Since the beginning of Russia’s engagement in Ukraine on February 24, the Russian government has strengthened its grip over information on the internet, one of the country’s last bastions of free speech.

According to AFP, quoting Russian news agencies, Russia’s media watchdog has banned access to the Google News service, accusing it of disseminating ‘false news’ regarding Russia’s incursion in Ukraine.

According to a statement from Russia’s media regulator Roskomnadzor reported by the agencies, the decision was made at the request of the Russian General Prosecutor’s Office.

“Access to various publications and documents that include incorrect information… concerning the conduct of the special military operation on Ukrainian territory” was supplied by the online news service, according to the statement.

According to AFP, a Google spokeswoman stated that “some individuals in Russia are having problems accessing the Google News app and website,” and that this is “not due to any technical issues” on the company’s end. “We’ve worked hard to ensure that information services like News are available to Russians for as long as possible,” a Google spokeswoman stated.

Since the beginning of Russia’s engagement in Ukraine on February 24, the Russian government has strengthened its grip over information on the internet, one of the country’s last bastions of free speech.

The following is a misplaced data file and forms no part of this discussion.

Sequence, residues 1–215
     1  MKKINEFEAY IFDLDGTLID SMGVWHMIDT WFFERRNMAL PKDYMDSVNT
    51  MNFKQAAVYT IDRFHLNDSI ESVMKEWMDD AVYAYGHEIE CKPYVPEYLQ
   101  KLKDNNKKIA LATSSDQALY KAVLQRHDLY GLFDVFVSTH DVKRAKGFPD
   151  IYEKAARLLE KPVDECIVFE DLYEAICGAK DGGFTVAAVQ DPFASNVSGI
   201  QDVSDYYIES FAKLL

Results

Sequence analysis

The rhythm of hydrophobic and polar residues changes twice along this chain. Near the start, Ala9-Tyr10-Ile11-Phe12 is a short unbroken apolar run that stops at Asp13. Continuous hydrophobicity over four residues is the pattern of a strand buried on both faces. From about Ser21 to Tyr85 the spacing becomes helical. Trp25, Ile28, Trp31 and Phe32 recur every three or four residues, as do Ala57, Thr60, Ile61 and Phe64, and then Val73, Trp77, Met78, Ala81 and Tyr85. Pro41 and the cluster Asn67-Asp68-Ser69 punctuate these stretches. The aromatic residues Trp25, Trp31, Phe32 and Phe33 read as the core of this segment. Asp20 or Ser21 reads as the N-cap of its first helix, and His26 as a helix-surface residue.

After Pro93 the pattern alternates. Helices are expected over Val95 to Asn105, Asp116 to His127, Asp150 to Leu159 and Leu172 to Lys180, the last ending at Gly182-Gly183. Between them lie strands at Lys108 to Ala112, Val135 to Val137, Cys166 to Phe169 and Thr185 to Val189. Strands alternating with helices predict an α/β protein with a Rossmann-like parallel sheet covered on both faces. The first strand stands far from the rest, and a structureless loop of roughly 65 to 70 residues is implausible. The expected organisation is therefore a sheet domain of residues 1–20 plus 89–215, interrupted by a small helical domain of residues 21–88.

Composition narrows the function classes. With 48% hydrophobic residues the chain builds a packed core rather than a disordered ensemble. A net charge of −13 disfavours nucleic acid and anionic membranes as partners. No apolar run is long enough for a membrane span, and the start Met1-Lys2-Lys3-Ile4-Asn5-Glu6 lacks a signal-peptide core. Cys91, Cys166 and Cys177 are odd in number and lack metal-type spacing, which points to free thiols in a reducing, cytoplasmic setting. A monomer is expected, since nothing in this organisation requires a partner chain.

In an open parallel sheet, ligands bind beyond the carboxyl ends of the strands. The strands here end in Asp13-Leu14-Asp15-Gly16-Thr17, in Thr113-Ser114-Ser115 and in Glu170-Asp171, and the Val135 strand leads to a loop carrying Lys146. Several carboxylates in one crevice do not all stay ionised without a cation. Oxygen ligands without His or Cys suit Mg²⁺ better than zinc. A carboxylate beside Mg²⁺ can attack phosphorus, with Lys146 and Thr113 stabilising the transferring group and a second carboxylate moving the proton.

Many Russian and international media outlets, including the BBC, have had their internet services banned, and a Moscow court has labeled the American social media platforms Facebook and Instagram as “extremist.”

Alphabet-owned Google said on Wednesday that it will not assist websites, apps, or YouTube channels in selling advertisements alongside content that exploits, rejects, or condones the continuing war between Russia and Ukraine.

Roskomnadzor also accused Google and its video provider YouTube of “terrorist” acts last week, paving the way for a future shutdown.

At the same time, in early March, the authorities announced two new criminal offenses: one for broadcasting “discrediting” material about the Russian army, and another for disseminating “false” information about Russian troops.

The latter offense, which has a maximum sentence of 15 years in jail, is of particular worry to the political opposition and independent media, which fear being prosecuted if they report on the Ukraine offensive.

Information Credit: HINDUSTAN TIMES

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